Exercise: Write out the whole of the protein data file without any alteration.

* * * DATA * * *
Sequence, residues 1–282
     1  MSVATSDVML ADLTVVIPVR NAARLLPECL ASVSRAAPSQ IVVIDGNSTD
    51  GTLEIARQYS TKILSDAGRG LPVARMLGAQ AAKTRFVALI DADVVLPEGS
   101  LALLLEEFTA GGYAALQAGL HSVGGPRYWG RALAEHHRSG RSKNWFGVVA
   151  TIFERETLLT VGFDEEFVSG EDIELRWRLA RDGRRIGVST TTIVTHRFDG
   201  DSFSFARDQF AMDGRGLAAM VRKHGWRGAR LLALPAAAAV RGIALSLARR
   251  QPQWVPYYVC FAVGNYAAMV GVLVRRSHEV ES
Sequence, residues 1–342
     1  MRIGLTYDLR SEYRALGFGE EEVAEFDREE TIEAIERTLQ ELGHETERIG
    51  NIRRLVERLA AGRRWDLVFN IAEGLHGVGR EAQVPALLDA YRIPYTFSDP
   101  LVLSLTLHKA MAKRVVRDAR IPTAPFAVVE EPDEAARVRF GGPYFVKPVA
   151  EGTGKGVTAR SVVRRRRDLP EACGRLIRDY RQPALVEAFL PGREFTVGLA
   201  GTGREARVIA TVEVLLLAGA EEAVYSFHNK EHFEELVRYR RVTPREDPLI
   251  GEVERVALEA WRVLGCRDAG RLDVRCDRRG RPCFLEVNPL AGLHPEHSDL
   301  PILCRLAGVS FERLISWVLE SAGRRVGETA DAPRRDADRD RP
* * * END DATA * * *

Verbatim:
Sequence, residues 1–282
     1  MSVATSDVML ADLTVVIPVR NAARLLPECL ASVSRAAPSQ IVVIDGNSTD
    51  GTLEIARQYS TKILSDAGRG LPVARMLGAQ AAKTRFVALI DADVVLPEGS
   101  LALLLEEFTA GGYAALQAGL HSVGGPRYWG RALAEHHRSG RSKNWFGVVA
   151  TIFERETLLT VGFDEEFVSG EDIELRWRLA RDGRRIGVST TTIVTHRFDG
   201  DSFSFARDQF AMDGRGLAAM VRKHGWRGAR LLALPAAAAV RGIALSLARR
   251  QPQWVPYYVC FAVGNYAAMV GVLVRRSHEV ES
Sequence, residues 1–342
     1  MRIGLTYDLR SEYRALGFGE EEVAEFDREE TIEAIERTLQ ELGHETERIG
    51  NIRRLVERLA AGRRWDLVFN IAEGLHGVGR EAQVPALLDA YRIPYTFSDP
   101  LVLSLTLHKA MAKRVVRDAR IPTAPFAVVE EPDEAARVRF GGPYFVKPVA
   151  EGTGKGVTAR SVVRRRRDLP EACGRLIRDY RQPALVEAFL PGREFTVGLA
   201  GTGREARVIA TVEVLLLAGA EEAVYSFHNK EHFEELVRYR RVTPREDPLI
   251  GEVERVALEA WRVLGCRDAG RLDVRCDRRG RPCFLEVNPL AGLHPEHSDL
   301  PILCRLAGVS FERLISWVLE SAGRRVGETA DAPRRDADRD RP